Health insurance in Idaho
- Idaho enrolls through Your Health Idaho, a state-run health insurance exchange.
- Open enrollment for 2020 coverage in Idaho runs from November 1 to December 15, 2019; enrollment outside that window is only possible with a qualifying event.
- Short-term health plans can be sold in Idaho with initial plan terms up to 364 days.
- Four insurers are offering 2019 coverage through the Idaho exchange, and will continue to offer plans in 2020.
- The average proposed premium increase for 2020 is 7 percent.
- About 94,000 enrolled in 2019 coverage through the Idaho exchange.
- Medicaid expansion enrollment begins in Idaho on November 1, 2019, with coverage effective January 1, 2020.
Idaho’s health marketplace
Idaho was the only state to create its own state-run health insurance exchange – Your Health Idaho – but also reject Medicaid expansion. But Medicaid expansion will take effect in Idaho on January 1, 2020 — six years after it began in states that accepted it as soon as it was available — thanks to a ballot initiative that voters passed in the 2018 election. Enrollment in the state’s newly-expanded Medicaid program begins November 1, 2019.
Open enrollment for private plans through Your Health Idaho (as well as private individual market plans sold outside the exchange) runs from November 1 to December 15, 2019, with all plans effective January 1, 2020. Outside of that enrollment window, regular major medical health coverage in the individual market can only be purchased by Idaho residents who have qualifying events.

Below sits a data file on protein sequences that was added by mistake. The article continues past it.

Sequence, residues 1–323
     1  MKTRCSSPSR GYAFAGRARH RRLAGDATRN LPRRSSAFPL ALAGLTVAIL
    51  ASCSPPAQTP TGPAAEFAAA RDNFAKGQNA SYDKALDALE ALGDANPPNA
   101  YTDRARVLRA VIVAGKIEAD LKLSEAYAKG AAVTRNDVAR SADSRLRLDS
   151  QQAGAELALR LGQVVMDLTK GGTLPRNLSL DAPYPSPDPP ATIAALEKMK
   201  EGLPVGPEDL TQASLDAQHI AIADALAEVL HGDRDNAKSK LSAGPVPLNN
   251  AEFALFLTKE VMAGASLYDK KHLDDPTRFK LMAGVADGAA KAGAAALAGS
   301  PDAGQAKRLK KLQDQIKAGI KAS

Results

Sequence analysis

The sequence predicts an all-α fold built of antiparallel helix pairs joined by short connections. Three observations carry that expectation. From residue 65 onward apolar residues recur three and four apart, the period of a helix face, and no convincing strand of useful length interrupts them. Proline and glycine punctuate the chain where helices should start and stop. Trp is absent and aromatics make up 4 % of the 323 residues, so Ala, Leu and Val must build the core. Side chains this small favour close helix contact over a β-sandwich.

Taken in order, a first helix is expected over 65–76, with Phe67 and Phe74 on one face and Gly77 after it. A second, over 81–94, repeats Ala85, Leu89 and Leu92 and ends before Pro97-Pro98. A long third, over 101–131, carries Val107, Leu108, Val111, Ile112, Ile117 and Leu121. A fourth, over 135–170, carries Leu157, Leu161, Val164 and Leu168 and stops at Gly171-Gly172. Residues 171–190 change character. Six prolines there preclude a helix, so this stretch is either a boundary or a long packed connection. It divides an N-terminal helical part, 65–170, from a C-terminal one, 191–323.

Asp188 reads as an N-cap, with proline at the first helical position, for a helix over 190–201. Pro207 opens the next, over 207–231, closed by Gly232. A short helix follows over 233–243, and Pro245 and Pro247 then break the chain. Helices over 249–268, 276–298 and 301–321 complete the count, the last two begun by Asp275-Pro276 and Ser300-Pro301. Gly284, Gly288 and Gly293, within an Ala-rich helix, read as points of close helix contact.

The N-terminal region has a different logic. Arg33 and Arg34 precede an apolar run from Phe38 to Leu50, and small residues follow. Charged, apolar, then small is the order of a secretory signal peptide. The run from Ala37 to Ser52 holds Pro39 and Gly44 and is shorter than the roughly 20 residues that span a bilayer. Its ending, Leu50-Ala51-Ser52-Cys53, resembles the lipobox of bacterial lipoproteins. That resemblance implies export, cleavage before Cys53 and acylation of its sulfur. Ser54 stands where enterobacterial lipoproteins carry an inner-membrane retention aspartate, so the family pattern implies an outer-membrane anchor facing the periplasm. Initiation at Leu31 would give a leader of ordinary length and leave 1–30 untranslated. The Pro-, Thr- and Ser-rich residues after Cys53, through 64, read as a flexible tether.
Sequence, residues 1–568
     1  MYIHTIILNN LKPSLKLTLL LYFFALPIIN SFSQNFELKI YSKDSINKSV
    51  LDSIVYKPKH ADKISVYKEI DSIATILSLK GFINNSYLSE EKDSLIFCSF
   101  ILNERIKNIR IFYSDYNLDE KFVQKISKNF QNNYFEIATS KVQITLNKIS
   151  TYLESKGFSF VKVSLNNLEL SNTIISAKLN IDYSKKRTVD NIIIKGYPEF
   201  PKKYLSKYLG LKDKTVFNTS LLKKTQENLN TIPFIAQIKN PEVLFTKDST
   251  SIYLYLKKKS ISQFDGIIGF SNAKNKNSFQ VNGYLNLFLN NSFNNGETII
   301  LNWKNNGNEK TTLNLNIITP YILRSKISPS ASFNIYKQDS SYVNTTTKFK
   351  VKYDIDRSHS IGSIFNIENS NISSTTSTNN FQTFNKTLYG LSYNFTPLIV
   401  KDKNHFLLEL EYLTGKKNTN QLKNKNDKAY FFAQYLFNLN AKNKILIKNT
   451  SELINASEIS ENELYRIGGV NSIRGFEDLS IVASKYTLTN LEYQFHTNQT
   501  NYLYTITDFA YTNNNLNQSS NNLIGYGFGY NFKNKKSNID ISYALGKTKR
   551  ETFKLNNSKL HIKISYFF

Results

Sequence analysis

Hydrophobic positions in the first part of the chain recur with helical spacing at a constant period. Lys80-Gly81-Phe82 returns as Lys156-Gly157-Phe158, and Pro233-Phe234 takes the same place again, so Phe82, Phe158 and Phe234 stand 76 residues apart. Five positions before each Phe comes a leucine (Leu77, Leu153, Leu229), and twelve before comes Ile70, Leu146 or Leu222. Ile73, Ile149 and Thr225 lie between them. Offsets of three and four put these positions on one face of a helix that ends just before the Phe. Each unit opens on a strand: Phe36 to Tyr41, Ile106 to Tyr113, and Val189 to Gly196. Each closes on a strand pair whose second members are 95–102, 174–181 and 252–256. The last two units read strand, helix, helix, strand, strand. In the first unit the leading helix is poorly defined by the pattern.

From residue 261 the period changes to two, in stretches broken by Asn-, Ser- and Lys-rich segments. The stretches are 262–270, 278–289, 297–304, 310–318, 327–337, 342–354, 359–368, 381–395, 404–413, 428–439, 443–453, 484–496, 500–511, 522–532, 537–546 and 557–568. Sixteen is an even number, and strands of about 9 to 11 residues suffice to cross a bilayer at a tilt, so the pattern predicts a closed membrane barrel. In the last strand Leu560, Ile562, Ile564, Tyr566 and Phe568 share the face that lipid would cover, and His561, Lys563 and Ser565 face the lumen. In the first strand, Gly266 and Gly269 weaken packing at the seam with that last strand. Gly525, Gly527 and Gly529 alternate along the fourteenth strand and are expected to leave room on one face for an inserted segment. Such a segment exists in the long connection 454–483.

Four insurers are offering 2019 plans through Your Health Idaho: Blue Cross of Idaho, Mountain Health CO-OP, PacificSource, Regence BlueShield and Select Health. All four will continue to offer coverage in 2020, and Regence will continue to offer plans outside the exchange. The average proposed rate increase for Idaho’s individual market plans was 7 percent for 2020.
Idaho enrollment in qualified health plans
In 2015, Idaho’s state-run exchange enrolled more than 85,000 individuals in QHPs. The state was fourth in the nation in terms of per-capita enrollment and highest among all states running their own exchanges.
Enrollment grew 5 percent in 2016, with 101,073 people enrolled through Your Health Idaho. Per capita enrollment was second in the nation to Florida for 2016.
For 2018 coverage, 94,507 people signed up for health plans through Your Health Idaho. This was only 5.6 percent lower than their 2017 enrollment total, despite the fact that open enrollment was half as long. And enrollment remained very steady for 2019, with 94,430 people signing up during open enrollment.
Read more about Idaho’s health insurance exchange.
Medicaid expansion in Idaho
For several years, Idaho has been the only state that implemented a state-run marketplace but rejected Medicaid expansion. But that’s changing in 2020, after voters passed a Medicaid expansion ballot initiative in the 2018 election. Medicaid expansion in Idaho takes effect January 1, 2020, and eligible residents can begin enrolling on November 1, 2019.